- Do not give a recorded statement about the accident to anyone.
- Do not sign any documents related to the case without your lawyer’s permission.
- Send copies of all bills related to the accident to your attorney, even if your insurance company has paid them.
- Notify your attorney immediately when you have been released from medical care and have returned to work.
- Do not post anything related to your car accident to social media.
- Return all phone calls from your attorney promptly.
Remember, your attorney will not be able to help you if you do not first help yourself. If the attorney or insurance adjuster for the other driver finds evidence that you are not as injured as you claim to be, he will use this to lower his settlement offer. For example, posting vacation pictures of you water skiing when you have requested damages for a back injury is going to seriously jeopardize your claim.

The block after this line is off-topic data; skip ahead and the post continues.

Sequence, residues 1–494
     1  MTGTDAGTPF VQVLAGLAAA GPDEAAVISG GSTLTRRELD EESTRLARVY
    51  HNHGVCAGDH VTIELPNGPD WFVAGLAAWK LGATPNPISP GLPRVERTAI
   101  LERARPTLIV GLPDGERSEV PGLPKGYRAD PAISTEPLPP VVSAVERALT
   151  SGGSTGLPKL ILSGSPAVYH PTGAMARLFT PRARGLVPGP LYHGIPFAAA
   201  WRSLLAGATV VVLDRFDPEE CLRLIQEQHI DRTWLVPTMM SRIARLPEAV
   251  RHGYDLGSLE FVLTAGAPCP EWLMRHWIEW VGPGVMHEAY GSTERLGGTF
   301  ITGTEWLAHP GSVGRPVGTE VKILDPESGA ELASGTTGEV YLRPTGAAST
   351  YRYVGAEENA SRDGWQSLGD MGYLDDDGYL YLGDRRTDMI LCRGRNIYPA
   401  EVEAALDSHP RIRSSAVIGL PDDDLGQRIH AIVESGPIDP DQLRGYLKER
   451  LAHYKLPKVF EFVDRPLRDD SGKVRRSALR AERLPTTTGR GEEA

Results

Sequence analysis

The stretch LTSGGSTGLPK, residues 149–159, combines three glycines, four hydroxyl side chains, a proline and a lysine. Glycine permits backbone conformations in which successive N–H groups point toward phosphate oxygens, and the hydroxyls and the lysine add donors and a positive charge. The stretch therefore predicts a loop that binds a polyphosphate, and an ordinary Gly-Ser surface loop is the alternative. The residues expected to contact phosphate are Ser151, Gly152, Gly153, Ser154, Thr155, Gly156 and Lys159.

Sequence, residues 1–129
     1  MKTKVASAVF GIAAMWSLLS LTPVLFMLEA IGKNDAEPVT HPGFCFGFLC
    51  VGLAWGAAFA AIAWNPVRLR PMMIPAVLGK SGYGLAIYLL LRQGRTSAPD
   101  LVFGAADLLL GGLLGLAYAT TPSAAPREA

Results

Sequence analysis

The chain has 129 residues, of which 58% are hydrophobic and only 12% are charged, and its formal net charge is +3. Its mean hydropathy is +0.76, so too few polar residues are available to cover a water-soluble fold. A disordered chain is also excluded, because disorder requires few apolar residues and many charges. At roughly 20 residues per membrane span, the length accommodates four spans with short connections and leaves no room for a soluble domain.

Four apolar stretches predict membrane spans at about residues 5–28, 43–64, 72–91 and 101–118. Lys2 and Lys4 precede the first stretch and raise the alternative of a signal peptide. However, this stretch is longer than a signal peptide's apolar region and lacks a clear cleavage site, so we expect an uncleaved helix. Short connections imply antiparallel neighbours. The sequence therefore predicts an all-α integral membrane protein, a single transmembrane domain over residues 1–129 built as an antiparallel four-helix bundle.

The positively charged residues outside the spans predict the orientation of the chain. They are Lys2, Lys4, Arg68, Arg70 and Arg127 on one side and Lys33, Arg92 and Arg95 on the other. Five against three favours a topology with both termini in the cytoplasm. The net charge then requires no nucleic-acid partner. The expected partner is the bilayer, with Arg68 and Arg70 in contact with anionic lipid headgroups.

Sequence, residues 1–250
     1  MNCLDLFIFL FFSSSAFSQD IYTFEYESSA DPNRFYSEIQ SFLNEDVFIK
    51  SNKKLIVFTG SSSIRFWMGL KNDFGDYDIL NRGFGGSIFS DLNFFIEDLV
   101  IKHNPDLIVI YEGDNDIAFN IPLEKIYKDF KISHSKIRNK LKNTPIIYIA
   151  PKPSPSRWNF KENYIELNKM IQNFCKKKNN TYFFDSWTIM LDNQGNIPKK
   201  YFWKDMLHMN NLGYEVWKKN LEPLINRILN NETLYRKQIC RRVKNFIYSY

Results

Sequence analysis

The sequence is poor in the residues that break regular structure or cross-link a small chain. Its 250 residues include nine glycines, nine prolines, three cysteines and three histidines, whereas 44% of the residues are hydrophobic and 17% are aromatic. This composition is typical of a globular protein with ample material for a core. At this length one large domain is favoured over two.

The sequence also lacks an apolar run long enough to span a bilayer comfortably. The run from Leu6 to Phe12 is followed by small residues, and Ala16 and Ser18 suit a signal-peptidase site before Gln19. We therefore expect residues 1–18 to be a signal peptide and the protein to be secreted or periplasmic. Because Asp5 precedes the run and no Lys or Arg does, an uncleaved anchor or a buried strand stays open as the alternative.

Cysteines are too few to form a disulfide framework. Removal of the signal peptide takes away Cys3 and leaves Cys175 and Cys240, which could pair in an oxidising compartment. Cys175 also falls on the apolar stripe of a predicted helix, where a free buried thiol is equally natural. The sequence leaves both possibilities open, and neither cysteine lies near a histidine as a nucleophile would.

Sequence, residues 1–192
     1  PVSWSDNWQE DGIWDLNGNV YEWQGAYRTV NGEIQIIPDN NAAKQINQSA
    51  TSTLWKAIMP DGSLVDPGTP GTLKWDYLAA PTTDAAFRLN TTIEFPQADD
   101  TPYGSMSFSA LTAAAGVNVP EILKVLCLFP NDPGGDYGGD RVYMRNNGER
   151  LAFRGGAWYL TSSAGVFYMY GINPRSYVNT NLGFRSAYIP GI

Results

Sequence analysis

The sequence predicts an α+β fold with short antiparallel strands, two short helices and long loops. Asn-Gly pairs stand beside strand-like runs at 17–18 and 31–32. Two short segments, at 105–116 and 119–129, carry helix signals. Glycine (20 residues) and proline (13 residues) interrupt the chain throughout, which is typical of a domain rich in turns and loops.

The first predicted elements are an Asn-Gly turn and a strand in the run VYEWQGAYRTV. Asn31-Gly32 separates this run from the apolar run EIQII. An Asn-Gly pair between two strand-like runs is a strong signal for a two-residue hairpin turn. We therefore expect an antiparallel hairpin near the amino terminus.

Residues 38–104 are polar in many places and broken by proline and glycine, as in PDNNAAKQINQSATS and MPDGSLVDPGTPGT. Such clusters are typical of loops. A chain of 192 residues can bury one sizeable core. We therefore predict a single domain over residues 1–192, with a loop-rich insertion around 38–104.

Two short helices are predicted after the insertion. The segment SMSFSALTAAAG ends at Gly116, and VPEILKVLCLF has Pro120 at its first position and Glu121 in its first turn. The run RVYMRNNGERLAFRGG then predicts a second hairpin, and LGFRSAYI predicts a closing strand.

Keller & Keller Will Steer You in the Right Direction
At Keller & Keller, we will not take your case if we don’t believe we can help you get a significant settlement, but we will only be successful if you follow our instructions and help yourself. Schedule a free consultation today to learn more about working with an attorney on a car accident claim in Indiana.
Do I need to hire an attorney for my Indiana car accident claim?
Some car accident claims are straightforward and settle quickly. If you suffered minor injuries and some property damage in a crash that was determined to be 100 percent the fault of the other driver, his insurance company will likely settle your claim to your satisfaction within a few weeks. However, if there are any complicating factors, you will want to consider hiring an attorney to represent you.
Factors That Complicate a Car Accident Settlement
While many claims are settled easily without the need for a lawyer, you could greatly benefit from hiring a car accident attorney in certain situations. If any of the following circumstances exist, you will want to call a lawyer: